Following today's housing recovery is like watching a bunch of sixth grade girls decide which boys are cool and which aren't. Boy to boy, housing market to housing market, the winners and losers are constantly changing. Had one predicted just a year ago that five of the 10 healthiest housing markets would be in California, one might have been summarily dismissed.
"Rapid home value appreciation in the West, particularly California, is currently having a very positive effect on a number of other factors, including negative equity, foreclosure activity and the overall financial health of local homeowners. But that same rapid appreciation may cause affordability issues in the future in these markets, leading to potentially unhealthy conditions," Zillow Chief Economist Stan Humphries said.
Phoenix and Las Vegas could make the top of another list—the unhealthiest. Both saw rapid price appreciation due to high investor demand. For the past three years, single and institutional investors swooped into these highly distressed markets and began inhaling properties. The intention was to put most of them up for rent. Prices had fallen by well over half in both areas peak to trough, so the bargains were plentiful. Until they weren't.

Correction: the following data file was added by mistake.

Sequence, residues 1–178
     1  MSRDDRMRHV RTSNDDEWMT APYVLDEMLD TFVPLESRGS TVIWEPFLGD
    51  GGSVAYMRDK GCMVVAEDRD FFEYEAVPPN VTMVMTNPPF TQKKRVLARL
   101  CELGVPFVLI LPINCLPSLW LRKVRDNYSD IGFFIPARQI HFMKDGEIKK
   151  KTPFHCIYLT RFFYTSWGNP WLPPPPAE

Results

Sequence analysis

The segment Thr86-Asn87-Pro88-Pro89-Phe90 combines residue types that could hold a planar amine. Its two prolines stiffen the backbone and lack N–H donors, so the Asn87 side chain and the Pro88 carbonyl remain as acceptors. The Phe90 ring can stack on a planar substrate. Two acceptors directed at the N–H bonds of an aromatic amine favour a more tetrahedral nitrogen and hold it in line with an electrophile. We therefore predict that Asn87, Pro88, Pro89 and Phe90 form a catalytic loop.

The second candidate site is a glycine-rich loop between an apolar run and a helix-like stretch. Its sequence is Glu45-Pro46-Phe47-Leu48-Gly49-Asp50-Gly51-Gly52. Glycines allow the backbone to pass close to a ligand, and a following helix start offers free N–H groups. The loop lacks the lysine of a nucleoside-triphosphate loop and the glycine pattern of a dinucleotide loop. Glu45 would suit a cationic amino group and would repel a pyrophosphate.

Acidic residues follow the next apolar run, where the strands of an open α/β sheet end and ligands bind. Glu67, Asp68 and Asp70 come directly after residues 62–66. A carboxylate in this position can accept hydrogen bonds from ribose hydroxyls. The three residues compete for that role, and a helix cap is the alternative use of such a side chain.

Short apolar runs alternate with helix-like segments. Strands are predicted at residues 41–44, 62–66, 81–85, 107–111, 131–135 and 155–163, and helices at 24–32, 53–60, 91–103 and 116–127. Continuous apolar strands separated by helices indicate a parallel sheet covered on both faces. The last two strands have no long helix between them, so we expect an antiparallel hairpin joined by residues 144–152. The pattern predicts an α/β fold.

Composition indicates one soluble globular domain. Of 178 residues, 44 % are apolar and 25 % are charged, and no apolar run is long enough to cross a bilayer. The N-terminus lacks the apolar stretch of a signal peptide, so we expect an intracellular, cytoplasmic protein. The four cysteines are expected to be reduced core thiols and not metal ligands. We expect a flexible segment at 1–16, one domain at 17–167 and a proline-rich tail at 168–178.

In Phoenix, the median single-family home price shot up 71 percent between October 2011 and October 2013, up 27 percent in just the last year, according to Mike Orr, director of the Center for Real Estate Theory at Arizona State University. Investors pushed prices up so far, so fast, that they priced themselves out of the market.
"I anticipate sales will be way down in November and through the holidays, when some people even take their homes off the market until late January," said Orr. "We also anticipate a much slower rate of price appreciation in 2014 than the furious pace we have witnessed over the last two years."